Follow These Vital Steps To Starting Your Bricklaying Business

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What is a bricklaying business?

As you may already be aware, bricklaying primarily involves construction work that is integral to every society. The bricklaying business involves obtaining construction materials, equipment, and workforce to build or repair walls, ceilings, chimney blocks, and fireplaces, even redesigning rooms. When working in the bricklaying business, you would need to deal with construction materials daily, from acquiring the material to applying it.

Vital Bricklaying Skills

First and foremost, bricklaying is a hands-on job, and you would need to be ready to get your hands dirty. You would also need to be a qualified bricklayer to operate a business. However, to excel at this job, you need to be precise with measurements and calculations, possess a technical mindset, and interpret construction designs and floor plans correctly.

How to start a bricklaying business from scratch:

  1. Begin by Drafting a Business Plan

Every business venture begins with a vision or idea, and drafting it into a plan is the first step to starting your bricklaying business. While doing so, choose a location you see potential in, for example, a place where bricklayers are required. Do your homework on business requirements and scope out your potential competitors. Check the services they offer and whether you can provide the same, if not better it.

  1. Chalk out the structure of your bricklaying business

Structuring your business is vital because it will help you figure out your operational costs, pricing, various tax concessions, and much more. Be prepared to support your bricklaying business for at least six months with little-to-no profit. Decide whether you wish to be a sole trader, work in partnership with someone, or form a company, as your structure would largely depend on this decision.

  1. Choose a suitable business name.

Your business name will become your identity as your business begins to grow. Ideally, choose a name that that relates to your bricklaying business, something that they will remember. Check with Business Name Checker to make sure your name is not taken. Choose a name that is not trademarked and not misunderstood or offensive.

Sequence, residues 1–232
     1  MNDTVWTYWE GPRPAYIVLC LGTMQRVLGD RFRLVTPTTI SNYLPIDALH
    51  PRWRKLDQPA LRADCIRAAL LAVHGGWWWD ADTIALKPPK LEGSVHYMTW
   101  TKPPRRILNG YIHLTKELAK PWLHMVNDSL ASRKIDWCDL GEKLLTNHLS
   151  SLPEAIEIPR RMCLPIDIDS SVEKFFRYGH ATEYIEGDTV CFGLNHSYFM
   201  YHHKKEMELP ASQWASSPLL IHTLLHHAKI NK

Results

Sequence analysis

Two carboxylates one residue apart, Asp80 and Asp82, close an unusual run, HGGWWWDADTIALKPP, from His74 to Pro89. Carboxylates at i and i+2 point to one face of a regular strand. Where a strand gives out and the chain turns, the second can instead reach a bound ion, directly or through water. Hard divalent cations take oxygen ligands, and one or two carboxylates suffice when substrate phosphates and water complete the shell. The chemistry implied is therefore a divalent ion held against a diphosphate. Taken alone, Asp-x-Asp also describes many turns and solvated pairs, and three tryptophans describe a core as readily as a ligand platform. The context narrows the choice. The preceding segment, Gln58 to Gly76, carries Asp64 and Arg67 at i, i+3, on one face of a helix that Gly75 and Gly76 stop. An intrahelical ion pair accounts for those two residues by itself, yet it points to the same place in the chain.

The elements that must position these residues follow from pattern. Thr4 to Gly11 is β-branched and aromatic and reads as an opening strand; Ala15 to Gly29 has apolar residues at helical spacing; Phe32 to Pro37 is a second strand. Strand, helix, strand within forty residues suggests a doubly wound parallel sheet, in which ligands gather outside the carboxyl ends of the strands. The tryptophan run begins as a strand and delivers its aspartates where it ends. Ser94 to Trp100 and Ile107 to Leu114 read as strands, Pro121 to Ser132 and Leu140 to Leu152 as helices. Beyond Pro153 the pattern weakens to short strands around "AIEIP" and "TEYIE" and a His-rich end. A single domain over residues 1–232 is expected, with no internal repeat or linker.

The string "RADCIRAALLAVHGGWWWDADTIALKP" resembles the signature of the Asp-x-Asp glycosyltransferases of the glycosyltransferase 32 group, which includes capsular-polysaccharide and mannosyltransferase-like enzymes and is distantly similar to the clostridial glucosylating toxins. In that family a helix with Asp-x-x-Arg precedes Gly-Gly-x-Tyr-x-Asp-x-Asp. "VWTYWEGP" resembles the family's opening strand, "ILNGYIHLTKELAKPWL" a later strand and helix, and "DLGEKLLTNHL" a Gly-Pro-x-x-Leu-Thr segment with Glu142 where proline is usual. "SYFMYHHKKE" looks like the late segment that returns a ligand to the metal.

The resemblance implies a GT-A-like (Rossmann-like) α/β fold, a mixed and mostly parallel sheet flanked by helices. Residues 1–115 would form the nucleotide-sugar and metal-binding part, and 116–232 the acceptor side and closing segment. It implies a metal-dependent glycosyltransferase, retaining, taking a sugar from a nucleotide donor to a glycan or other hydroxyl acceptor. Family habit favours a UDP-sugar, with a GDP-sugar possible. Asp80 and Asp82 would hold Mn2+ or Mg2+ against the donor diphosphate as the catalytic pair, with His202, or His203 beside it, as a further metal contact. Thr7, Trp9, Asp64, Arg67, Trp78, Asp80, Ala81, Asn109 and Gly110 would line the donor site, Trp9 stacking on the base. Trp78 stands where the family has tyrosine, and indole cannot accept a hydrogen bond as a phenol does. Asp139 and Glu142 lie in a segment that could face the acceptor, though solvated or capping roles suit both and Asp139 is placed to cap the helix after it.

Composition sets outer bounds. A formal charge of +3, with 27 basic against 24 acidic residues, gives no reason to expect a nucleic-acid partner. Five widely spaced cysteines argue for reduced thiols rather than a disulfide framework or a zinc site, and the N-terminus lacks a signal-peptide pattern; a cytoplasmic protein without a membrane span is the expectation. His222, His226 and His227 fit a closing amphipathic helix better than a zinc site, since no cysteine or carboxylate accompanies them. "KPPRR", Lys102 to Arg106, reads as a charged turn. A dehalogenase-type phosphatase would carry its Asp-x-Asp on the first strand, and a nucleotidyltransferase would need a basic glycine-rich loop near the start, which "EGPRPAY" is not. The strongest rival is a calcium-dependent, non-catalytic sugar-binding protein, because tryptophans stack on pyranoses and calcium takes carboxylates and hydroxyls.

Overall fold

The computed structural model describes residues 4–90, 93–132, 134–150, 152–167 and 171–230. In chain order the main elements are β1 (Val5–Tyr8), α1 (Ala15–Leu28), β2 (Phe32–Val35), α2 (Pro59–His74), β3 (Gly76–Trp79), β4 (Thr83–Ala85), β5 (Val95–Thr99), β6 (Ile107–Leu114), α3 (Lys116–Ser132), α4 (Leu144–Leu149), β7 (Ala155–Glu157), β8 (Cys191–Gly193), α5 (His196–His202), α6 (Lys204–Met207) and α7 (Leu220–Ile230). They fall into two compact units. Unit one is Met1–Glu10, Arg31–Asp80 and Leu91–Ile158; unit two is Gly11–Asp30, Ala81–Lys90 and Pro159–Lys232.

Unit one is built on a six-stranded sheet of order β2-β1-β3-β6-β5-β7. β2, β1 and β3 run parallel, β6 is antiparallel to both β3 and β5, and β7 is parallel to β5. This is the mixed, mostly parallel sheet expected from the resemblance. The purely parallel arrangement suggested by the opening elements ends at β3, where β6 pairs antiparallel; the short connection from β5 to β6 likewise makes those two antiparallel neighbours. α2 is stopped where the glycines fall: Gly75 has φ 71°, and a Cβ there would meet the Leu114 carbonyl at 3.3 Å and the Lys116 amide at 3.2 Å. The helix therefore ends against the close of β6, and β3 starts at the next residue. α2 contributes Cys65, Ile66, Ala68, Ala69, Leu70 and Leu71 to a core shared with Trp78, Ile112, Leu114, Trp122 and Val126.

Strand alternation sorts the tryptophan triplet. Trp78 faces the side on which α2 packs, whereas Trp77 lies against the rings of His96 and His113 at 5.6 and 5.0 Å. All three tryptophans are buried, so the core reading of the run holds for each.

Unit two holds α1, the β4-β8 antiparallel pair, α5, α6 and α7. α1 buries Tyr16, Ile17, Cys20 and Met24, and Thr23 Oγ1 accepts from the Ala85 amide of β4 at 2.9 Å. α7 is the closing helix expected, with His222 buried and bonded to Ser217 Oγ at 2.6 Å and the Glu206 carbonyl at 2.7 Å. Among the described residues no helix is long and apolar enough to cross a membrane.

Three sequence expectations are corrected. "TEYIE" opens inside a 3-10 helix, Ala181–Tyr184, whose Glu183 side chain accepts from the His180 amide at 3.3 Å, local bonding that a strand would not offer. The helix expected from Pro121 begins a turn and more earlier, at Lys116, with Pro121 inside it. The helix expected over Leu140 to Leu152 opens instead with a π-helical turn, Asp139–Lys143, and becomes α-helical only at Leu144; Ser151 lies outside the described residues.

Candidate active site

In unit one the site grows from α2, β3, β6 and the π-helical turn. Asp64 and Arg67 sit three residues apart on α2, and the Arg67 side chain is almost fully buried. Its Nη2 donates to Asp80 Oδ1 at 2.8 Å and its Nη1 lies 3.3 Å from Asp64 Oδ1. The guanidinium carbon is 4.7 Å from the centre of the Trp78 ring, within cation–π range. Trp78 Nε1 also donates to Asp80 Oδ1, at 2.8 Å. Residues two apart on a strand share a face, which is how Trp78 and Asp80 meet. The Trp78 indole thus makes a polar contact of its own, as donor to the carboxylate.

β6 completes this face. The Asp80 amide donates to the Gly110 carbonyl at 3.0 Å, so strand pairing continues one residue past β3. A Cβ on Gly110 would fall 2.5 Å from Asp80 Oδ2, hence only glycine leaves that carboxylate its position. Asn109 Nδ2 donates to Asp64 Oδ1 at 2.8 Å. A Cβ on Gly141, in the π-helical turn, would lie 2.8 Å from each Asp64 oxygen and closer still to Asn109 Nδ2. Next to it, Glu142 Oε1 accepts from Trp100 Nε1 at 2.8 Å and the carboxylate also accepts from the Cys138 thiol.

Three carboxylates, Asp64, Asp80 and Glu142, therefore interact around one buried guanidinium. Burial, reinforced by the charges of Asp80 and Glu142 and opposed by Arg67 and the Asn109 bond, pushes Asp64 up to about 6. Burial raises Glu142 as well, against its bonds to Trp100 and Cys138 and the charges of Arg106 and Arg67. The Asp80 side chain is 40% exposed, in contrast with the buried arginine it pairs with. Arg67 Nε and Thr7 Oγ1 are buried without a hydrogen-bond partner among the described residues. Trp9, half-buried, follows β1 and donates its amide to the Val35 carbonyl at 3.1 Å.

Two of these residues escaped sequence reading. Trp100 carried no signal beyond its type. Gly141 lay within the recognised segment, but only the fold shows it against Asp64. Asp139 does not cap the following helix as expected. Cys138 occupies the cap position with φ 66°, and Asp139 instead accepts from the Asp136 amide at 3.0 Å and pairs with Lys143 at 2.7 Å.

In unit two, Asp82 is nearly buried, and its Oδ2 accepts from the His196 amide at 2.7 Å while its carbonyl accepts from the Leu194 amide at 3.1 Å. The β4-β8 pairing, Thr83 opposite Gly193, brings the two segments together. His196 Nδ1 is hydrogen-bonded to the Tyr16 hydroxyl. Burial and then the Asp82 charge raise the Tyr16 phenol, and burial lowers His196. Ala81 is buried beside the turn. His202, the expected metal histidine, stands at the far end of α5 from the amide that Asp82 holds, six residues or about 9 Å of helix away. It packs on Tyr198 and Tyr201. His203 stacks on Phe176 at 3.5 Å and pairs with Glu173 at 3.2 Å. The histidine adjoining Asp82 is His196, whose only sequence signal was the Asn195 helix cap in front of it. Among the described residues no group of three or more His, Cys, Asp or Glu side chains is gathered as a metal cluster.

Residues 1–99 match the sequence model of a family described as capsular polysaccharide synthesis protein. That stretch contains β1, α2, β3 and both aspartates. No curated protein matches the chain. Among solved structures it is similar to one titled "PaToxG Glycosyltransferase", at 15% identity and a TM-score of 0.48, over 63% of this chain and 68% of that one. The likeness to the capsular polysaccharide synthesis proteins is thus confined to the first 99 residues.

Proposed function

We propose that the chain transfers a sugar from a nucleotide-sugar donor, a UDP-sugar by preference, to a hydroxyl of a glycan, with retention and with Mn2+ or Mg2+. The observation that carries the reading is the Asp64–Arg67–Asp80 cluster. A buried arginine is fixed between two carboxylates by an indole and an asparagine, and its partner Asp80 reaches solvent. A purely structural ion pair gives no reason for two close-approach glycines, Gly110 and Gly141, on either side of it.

1. Register your bricklaying business

All businesses need to register themselves to operate in Australia. You would also need to apply for an Australian Business Number (ABN) along with writing your business. An ABN will make it necessary to apply for goods and services tax (GST) concession. You can visit the Australian Business Register website to apply for an ABN.

  1. Equipment for a bricklaying business

Every bricklaying business needs expensive tools and equipment to get started. Equipment such as a brick trowel, pointing trowel, bolster chisel, a brick hammer, to name a few are necessary. You would also need a cement mixer and a mortar mixing board to mix construction materials and wheelbarrows to transfer the material. At the same time, protective gear such as safety goggles, headgear, cut-resistant gloves, and steel cap work boots are all crucial accessories in this line of business. You may also require a Ute/van if you do not already have one to transport your equipment and tools to and from onsite locations.

  1. Legally safeguard your bricklaying business.

You should make sure your business is legally safeguarded against legal implications that may arise down the line. Get in touch with a solicitor to look into drafting documents such as:

  • Services Agreement

This is a legal document informing your client of your terms and conditions, their responsibilities, and the duration of your payment.

  • Employment Agreement

This agreement explicitly outlines and informs your future employee of their rights and obligations before agreeing to work for you.

If you intend on setting up a more significant bricklaying business with a partner, you can consider legal documents such as Partnership or Shareholder Agreements. If you need to deal with subcontractors, you can always speak to a solicitor about a Subcontractor Agreement. This agreement outlines the terms and conditions between you and the subcontractor before doing business with each other.

Conclusion

Starting your bricklaying business requires as much planning as any other company does. But with some bricklaying experience and these vital points, you can build toward your own bricklaying business with ease.

As your business grows steadily, you need to consider complete protection from liabilities through insurance coverage. You can compare business insurance quotes online by visiting thisĀ website.

Source:

Post, How To Start A Bricklaying Business, hipages, viewed 6 July 2021, https://hipages.com.au/tradie/tips-for-tradies/bricklayer/how-to-start-a-bricklaying-business/

Shona Yang, Feb 22, 2021, How To Start A Bricklaying Business, Finder, viewed 6 July 2021, https://www.finder.com.au/start-a-bricklaying-business